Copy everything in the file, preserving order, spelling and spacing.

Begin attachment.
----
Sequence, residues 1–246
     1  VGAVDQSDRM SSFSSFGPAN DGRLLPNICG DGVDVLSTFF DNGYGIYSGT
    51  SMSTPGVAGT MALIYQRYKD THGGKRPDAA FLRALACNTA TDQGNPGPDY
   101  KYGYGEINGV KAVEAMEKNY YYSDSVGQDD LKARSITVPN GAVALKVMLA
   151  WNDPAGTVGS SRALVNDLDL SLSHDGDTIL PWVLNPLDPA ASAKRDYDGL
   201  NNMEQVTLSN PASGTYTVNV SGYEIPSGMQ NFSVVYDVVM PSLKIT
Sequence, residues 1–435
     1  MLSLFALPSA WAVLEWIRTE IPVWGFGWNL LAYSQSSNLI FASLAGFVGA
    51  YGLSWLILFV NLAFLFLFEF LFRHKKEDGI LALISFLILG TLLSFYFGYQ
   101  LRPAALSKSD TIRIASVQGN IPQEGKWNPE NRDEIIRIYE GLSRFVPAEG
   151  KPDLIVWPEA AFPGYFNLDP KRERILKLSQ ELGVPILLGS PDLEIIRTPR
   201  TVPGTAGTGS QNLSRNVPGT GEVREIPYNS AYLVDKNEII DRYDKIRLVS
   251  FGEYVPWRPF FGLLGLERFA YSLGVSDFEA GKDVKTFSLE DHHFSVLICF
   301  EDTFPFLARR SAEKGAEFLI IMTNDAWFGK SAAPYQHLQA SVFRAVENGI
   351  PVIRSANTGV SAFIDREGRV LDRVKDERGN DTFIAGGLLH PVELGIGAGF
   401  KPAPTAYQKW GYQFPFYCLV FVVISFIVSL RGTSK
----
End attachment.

Sequence, residues 1–246
     1  VGAVDQSDRM SSFSSFGPAN DGRLLPNICG DGVDVLSTFF DNGYGIYSGT
    51  SMSTPGVAGT MALIYQRYKD THGGKRPDAA FLRALACNTA TDQGNPGPDY
   101  KYGYGEINGV KAVEAMEKNY YYSDSVGQDD LKARSITVPN GAVALKVMLA
   151  WNDPAGTVGS SRALVNDLDL SLSHDGDTIL PWVLNPLDPA ASAKRDYDGL
   201  NNMEQVTLSN PASGTYTVNV SGYEIPSGMQ NFSVVYDVVM PSLKIT
Sequence, residues 1–435
     1  MLSLFALPSA WAVLEWIRTE IPVWGFGWNL LAYSQSSNLI FASLAGFVGA
    51  YGLSWLILFV NLAFLFLFEF LFRHKKEDGI LALISFLILG TLLSFYFGYQ
   101  LRPAALSKSD TIRIASVQGN IPQEGKWNPE NRDEIIRIYE GLSRFVPAEG
   151  KPDLIVWPEA AFPGYFNLDP KRERILKLSQ ELGVPILLGS PDLEIIRTPR
   201  TVPGTAGTGS QNLSRNVPGT GEVREIPYNS AYLVDKNEII DRYDKIRLVS
   251  FGEYVPWRPF FGLLGLERFA YSLGVSDFEA GKDVKTFSLE DHHFSVLICF
   301  EDTFPFLARR SAEKGAEFLI IMTNDAWFGK SAAPYQHLQA SVFRAVENGI
   351  PVIRSANTGV SAFIDREGRV LDRVKDERGN DTFIAGGLLH PVELGIGAGF
   401  KPAPTAYQKW GYQFPFYCLV FVVISFIVSL RGTSK